Soon after congratulating the government on its election win, the Australian Medical Association (AMA) called for a complete review of the Coalition’s health platform.
In a media release on July 11 AMA President Dr Michael Gannon said the government should “immediately lift the freeze on Medicare patient rebates, scrap changes to bulk billing incentives for pathology and medical imaging, and increase public hospital funding”.
“The AMA agrees health funding must be sustainable well into the future and this will require a sector wide examination of approaches to prevention, public health, the ageing population and the significant increase in the incidence of chronic and complex disease,” he said.
“This will require investing more, not less, in primary health care, and keeping people out of more expensive hospital care where possible. We need to find a way to sustainably fund the health system but, at the same time, we must protect the health of the most vulnerable in our community.”
Dr Gannon said the AMA wants the Health Minister to have “a very strong voice in Cabinet” to ensure health policy is not dominated by the “considerations of the Department of Treasury or Finance”.
In an ABC Sydney radio interview on 15 July Dr Gannon said: “What we have seen in the past going back to the 2014 Budget was a desire by the Coalition to introduce a co-payment to try and work out ways those who can afford it can contribute more to the cost of their healthcare. The reason that proposal failed so badly is because it didn’t give the opportunity for individual GPs to make a judgement, knowing their patients well, who can and can’t afford a modest amount of money. We need to be open to all different conversations and that should be part of the conversation in unravelling the freeze.”
There’s been a beat up in some sections of the media that this comment amounts to advocacy of a GP co-payment. However, as can be seen, Dr Gannon is calling for a consultative discussion on sources of savings within the health portfolio, mindful of the difficulty of the task .
Pharmacy Guild CEO David Quilty has pledged the Guild’s commitment to “working closely” with the Government and other stakeholders, as well as stressing the importance of maintaining the sector’s profile.
“With some 50 new Members and Senators there is significant turnover in the 45th Federal Parliament making it critical that the Guild and our grassroots members around Australia are visibly demonstrating the unique and vital contribution of community pharmacies to patient care and the wider health system,” he said in the Guild’s fortnightly e-newsletter.
Quilty identified the launch of the rollout of the Pharmacy Trail Program (PTP) as one of the most important priorities for the sector. “In terms of outstanding policy issues first and foremost it is vital that the benefits of the Sixth Community Pharmacy Agreement (6CFA) are delivered in full and on time,” he said. “Due to the late signing of the 6CPA and the early Federal Election the rollout of the PTP is behind schedule and needs to be fast-tracked.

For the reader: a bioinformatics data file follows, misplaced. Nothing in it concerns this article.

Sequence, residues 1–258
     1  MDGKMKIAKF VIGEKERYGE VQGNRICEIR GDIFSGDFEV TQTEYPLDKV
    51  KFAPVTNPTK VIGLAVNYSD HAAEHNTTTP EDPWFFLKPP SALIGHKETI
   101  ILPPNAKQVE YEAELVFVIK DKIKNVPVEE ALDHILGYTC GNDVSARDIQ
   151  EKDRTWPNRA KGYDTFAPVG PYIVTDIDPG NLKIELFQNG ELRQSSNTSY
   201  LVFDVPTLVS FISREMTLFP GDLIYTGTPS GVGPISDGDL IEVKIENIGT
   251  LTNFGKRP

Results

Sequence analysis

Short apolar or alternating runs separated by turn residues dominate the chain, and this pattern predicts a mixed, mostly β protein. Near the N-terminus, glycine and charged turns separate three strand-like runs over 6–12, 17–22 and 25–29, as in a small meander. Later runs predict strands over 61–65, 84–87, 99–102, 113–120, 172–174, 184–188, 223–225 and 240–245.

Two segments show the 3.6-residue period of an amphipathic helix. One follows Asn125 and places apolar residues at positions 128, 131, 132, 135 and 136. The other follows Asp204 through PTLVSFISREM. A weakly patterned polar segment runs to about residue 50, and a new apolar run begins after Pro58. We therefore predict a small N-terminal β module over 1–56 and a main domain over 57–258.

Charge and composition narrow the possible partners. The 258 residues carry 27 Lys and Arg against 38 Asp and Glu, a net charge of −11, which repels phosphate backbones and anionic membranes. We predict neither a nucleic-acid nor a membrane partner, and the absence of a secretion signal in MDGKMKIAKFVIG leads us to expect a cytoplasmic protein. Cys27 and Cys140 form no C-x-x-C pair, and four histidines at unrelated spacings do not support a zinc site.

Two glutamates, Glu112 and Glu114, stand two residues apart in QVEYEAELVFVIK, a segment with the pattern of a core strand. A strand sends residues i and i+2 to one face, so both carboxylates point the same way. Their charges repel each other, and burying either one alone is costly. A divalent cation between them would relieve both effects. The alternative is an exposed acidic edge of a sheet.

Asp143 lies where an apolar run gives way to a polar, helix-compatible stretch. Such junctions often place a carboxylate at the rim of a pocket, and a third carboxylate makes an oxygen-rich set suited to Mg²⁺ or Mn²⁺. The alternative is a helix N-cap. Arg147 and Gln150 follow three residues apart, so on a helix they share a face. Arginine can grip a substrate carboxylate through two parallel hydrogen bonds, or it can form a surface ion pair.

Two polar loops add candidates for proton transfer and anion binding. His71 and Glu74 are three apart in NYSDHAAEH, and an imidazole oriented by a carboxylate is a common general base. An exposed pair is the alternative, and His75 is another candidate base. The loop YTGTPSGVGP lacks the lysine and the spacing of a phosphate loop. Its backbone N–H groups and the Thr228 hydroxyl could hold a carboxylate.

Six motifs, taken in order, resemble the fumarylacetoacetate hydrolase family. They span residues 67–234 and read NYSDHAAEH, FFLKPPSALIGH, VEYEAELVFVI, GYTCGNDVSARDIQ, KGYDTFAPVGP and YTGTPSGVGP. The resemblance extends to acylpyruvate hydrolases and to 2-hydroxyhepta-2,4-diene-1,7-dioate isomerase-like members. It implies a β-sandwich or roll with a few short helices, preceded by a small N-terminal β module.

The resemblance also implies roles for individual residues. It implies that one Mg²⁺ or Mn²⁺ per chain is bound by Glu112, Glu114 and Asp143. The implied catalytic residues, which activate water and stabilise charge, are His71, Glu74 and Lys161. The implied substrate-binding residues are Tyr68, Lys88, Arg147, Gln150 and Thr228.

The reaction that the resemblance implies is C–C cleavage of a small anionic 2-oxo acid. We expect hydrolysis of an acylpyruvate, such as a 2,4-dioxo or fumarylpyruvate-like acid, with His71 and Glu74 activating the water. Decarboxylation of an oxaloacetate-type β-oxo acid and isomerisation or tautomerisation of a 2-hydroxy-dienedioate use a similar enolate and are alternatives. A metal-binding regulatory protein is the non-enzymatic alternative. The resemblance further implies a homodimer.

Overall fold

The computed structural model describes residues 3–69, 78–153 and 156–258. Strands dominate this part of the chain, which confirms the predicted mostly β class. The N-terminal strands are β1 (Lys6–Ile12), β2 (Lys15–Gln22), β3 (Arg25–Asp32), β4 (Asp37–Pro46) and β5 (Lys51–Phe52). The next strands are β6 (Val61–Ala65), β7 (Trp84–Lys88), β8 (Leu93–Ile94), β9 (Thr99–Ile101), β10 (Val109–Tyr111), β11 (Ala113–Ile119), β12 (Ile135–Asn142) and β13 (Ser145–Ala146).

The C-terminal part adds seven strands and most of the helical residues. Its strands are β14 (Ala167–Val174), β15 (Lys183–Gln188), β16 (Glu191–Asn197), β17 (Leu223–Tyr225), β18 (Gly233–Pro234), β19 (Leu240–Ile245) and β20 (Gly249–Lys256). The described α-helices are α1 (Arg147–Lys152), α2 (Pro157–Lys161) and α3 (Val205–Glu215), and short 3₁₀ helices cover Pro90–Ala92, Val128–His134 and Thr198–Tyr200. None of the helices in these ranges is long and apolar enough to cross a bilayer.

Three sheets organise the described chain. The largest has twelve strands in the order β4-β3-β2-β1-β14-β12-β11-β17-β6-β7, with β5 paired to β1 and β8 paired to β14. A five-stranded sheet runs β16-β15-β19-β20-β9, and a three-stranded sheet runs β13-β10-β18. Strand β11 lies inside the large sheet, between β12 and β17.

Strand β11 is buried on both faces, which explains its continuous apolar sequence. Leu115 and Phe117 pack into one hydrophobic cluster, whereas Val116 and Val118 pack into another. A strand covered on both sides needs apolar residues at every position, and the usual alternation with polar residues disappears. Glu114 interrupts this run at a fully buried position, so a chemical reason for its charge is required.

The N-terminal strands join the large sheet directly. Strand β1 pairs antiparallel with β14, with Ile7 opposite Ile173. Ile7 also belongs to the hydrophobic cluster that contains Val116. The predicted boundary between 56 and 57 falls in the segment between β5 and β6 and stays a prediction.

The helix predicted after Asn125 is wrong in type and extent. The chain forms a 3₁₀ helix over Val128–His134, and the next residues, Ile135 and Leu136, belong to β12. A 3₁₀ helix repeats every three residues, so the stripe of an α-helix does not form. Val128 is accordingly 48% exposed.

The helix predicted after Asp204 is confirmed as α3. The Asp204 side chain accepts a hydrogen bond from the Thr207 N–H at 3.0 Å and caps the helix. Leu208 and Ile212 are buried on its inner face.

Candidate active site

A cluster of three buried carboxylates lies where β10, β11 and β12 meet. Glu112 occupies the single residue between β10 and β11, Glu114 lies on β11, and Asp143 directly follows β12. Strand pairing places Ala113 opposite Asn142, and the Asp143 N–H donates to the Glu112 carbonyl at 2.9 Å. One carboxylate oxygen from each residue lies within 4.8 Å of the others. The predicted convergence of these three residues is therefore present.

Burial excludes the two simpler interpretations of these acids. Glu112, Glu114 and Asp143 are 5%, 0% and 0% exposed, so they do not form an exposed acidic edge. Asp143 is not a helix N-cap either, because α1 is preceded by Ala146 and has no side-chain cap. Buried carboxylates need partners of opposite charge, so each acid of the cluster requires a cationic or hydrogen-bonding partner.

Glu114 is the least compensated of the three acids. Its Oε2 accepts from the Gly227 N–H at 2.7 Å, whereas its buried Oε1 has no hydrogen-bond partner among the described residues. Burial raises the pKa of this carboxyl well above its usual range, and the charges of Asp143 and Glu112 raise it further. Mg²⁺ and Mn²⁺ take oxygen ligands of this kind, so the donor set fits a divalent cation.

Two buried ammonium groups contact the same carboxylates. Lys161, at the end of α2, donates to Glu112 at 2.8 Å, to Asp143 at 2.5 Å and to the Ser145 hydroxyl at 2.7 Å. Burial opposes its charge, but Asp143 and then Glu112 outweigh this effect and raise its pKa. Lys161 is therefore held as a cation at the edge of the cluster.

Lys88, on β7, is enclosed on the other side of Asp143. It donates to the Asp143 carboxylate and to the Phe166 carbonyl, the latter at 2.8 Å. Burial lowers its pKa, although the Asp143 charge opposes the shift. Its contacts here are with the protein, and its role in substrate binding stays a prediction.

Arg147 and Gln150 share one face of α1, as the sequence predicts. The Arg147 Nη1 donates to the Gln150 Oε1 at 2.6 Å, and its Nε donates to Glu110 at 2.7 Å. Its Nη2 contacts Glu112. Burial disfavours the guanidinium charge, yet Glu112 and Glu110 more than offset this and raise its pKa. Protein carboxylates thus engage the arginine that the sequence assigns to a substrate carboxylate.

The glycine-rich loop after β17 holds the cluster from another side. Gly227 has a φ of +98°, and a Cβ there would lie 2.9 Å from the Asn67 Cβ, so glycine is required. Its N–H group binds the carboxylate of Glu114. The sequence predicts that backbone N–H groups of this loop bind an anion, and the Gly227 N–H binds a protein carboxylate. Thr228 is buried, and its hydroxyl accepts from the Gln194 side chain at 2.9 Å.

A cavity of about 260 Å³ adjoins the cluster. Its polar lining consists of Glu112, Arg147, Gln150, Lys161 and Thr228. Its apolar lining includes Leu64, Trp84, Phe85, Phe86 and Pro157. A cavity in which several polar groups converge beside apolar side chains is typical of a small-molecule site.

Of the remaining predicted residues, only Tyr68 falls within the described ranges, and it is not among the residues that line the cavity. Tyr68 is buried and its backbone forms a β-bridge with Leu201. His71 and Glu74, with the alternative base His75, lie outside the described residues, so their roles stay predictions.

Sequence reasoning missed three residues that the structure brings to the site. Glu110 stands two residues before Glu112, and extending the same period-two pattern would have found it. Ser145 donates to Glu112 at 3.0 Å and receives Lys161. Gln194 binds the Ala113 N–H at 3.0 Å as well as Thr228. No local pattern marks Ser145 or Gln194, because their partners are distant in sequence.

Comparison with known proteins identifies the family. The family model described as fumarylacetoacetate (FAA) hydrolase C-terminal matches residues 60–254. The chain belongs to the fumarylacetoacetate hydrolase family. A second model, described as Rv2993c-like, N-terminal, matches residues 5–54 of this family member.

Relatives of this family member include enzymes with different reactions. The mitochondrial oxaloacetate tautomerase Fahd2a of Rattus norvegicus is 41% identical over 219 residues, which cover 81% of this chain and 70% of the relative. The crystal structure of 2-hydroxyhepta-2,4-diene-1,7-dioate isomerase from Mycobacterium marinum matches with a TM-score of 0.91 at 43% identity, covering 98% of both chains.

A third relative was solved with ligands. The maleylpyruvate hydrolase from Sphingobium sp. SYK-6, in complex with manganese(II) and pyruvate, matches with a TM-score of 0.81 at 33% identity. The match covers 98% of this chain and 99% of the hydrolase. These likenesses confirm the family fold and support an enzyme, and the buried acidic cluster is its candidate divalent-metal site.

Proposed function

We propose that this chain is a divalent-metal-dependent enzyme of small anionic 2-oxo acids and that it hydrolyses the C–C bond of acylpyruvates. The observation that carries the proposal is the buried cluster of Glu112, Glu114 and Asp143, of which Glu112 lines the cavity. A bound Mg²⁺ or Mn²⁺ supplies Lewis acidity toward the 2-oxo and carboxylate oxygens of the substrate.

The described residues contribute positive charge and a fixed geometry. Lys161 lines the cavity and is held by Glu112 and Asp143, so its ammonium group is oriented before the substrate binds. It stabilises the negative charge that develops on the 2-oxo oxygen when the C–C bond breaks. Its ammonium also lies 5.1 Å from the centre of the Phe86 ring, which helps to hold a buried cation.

“The Guild is committed to working with pharmacy organisations, patient groups, health professional bodies and research organisations to ensure these community pharmacy-based trials are of the highest calibre and rolled out as expeditiously as possible.
Quilty said the Guild would continue to work closely with the Pharmaceutical Society of Australia (PSA) to ensure the work they jointly undertook in the run-up to the 6CPA negotiation “comes to fruition in the PTP”.
“To that end, the Guild has submitted proposals to the Call for Ideas for the second tranche of the PTP that reflect this joint Guild/PSA work in the areas of prescription renewal, minor ailments, and anti-coagulation monitoring. In the coming weeks it is likely that the discussion paper for the Pharmacy Remuneration and Regulation Review will be released. The Guild will make a comprehensive submission to the Review and encourage our members and with their patients to do likewise, as well as attending the community meetings being held around the country.”
Overall the position of medical and other health practitioners, pharmacists, hospitals, insurers and consumers in the health care system has changed little since the Federal Budget in May.
Major reviews into Medicare, General Practice, Private Health Insurance and Pharmacy Remunerations and Locations are ongoing. All are due to be concluded this year, certainly in time for any outcomes to be factored into the 2017 Budget. But how this factoring is done depends very much on how soon and how well the government learns to get on with the new Senate crossbenchers. And all this with the savings from the 2016 Budget still not legislated.
Yet again, it will be a period for “vigilance and valour” in the health care arena.
Disclaimer: Pulse Check is a weekly/fortnightly article prepared for use by NAB by an independent consultant. It contains information about issues related to the health and aged care industry and Federal Parliament and politics. The information is not advice, and should not be treated as such. Any opinions expressed are those of the author only, not of NAB. Please contact firstname.lastname@example.org with any queries or comments.